Peter Shawn Taylor’s article in the July Issue of Canadian Business tackled an interesting issue. Can we give consumers too much information?
Consumers need adequate information to reward marketers offering a good a deal so information is generally a good thing. That said long legal disclaimers which we click on to “Agree” before using a service on the internet aren’t often read or understood. It is therefore reasonable to argue that consumers would be better off without being bothered by the information the disclaimers contain. That said I don’t think the lesson is that consumers get too much information. I’d argue the lesson is that the way consumers get information needs to be appropriate. Fine print doesn’t help anyone much. (Presumably disclaimers are written to prevent lawsuits so I doubt anyone even tries to make them useful for consumers).
I disagree with Taylor when he conflates the problem of fine print disclosures with country of origin labelling and other clear consumer information methods, (GM food labelling, calorie counts on menus). These seem different to me. With disclosures the problem is that the consumer doesn’t receive the information. With country of origin labels the problem, to Taylor’s mind, is that consumers misuse the information they get.
Taylor argues that US “….county-of-origin labels on Canadian meat: its actually a trade barrier disguised as mandatory disclosure.” (Taylor, 2014, Page 30). The US may well be cynically using labels to protect home producers and I dislike nationalistic arguments to buy from your home country. That said I don’t think nationalistic consumer preferences are the same as traditional trade barriers like quotas or tariffs. I’d argue if a consumer wants to know where the products they buy are from they have a right to know. (As far is is possible to say given modern supply chains). This may sometimes be objectively useful information, for example, regulations differ so product safety may differ. But even where there is no objectively defensible reason I’d still support labelling. If US consumers believe that US meat is better than Canadian meat they may be wrong by objective measures but I still think that they have a right to know where their meat comes from.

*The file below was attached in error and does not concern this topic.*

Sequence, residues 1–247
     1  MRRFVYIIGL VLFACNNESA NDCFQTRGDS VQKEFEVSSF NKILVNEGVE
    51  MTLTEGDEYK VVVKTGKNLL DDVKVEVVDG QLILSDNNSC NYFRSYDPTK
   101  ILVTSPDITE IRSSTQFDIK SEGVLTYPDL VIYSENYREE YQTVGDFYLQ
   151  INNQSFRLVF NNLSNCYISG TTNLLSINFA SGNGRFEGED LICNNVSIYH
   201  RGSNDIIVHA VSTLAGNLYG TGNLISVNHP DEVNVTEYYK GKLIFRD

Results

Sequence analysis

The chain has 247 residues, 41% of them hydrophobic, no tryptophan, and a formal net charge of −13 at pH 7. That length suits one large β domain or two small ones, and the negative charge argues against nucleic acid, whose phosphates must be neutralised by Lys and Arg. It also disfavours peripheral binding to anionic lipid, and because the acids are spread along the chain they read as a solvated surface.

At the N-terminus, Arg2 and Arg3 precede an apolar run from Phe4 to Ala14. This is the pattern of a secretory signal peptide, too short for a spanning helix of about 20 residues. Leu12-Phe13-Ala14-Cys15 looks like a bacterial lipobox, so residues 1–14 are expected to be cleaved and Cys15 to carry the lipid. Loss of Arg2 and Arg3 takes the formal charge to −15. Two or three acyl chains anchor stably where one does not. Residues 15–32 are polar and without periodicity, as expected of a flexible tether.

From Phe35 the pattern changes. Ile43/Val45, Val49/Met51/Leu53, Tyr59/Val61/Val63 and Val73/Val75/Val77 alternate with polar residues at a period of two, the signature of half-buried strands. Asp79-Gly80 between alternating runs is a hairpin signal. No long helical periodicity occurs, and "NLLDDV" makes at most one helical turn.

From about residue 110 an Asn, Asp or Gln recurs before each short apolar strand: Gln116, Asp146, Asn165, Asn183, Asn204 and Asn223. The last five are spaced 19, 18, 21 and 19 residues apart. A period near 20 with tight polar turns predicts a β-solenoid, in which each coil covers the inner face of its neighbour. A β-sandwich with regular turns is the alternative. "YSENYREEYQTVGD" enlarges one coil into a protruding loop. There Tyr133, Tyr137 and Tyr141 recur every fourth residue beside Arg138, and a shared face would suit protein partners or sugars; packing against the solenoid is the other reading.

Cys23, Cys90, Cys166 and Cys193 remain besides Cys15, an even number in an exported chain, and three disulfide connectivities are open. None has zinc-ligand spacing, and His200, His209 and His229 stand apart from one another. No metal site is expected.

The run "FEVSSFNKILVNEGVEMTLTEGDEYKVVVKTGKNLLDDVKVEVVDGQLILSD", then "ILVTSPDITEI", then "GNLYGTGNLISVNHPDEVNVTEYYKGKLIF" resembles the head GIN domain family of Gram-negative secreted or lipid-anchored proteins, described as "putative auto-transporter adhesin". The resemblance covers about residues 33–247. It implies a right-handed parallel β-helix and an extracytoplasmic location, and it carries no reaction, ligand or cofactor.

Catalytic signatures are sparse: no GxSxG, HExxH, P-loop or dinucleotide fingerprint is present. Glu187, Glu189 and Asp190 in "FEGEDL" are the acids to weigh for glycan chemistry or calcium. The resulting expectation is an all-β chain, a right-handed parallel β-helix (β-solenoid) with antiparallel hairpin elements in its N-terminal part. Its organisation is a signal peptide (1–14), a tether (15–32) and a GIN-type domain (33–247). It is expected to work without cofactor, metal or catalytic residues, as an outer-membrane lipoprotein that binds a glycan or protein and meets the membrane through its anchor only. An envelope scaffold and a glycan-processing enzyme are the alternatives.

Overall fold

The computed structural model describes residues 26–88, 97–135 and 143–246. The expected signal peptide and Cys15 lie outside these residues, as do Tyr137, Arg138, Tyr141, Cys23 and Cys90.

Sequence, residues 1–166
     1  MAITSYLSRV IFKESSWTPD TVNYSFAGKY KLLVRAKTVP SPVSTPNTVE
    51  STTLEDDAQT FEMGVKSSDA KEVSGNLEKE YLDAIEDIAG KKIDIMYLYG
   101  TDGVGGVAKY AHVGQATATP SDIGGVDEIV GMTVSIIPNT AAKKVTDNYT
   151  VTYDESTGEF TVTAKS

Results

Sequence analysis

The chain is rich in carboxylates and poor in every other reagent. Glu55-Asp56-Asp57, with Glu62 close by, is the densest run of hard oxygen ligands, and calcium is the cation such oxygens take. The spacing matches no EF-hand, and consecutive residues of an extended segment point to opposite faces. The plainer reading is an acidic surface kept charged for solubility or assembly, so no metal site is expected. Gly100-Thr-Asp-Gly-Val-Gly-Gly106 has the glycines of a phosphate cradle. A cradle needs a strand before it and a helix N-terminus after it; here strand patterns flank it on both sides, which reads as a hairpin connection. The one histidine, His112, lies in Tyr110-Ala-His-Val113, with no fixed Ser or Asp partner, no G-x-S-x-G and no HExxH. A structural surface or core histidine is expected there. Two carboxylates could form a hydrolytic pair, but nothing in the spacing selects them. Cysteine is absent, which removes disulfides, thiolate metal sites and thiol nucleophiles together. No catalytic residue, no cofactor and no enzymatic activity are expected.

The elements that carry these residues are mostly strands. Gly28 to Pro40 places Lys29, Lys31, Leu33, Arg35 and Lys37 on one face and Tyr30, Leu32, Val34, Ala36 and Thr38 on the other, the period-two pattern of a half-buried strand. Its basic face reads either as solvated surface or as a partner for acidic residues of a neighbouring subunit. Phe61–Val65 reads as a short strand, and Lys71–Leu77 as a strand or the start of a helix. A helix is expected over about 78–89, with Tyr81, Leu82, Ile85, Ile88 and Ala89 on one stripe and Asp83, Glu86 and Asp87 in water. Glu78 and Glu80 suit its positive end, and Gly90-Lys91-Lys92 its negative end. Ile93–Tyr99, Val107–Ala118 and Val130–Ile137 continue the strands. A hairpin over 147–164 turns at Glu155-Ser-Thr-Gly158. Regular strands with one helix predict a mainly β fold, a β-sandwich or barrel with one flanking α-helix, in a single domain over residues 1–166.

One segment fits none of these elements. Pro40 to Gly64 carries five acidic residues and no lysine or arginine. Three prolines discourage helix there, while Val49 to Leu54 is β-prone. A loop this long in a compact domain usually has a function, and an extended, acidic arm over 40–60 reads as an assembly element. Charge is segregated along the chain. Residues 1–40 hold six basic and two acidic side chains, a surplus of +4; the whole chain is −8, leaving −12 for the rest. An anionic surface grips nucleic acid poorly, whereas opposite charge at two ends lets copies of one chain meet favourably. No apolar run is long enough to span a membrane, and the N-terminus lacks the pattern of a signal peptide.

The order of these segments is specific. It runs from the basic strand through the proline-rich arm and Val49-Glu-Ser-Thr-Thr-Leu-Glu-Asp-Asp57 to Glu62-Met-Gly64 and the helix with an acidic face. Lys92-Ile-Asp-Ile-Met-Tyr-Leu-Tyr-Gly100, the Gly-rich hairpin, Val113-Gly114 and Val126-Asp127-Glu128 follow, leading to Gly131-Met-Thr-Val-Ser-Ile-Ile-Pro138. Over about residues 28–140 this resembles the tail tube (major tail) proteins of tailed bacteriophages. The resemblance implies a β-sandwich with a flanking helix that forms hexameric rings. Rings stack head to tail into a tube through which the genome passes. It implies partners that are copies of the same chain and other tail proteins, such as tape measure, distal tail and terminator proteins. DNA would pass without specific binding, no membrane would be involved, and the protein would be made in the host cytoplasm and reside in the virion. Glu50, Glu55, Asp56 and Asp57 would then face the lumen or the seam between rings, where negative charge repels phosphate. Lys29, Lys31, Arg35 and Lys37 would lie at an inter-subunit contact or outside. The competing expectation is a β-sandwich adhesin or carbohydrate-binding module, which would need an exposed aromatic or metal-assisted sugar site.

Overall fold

Let us start with the principle that consumers have a right to information. Instead of complaining that consumers don’t deserve to know the country of origin of the products they buy people who don’t believe in nationalistic buying, like Taylor and I, need to persuade consumers that nationalistic buying is a bad idea. We shouldn’t try and hide information from the consumer.
Read: Peter Shawn Taylor 2014, We’re Drowning In Fine Print, Canadian Business, July page 30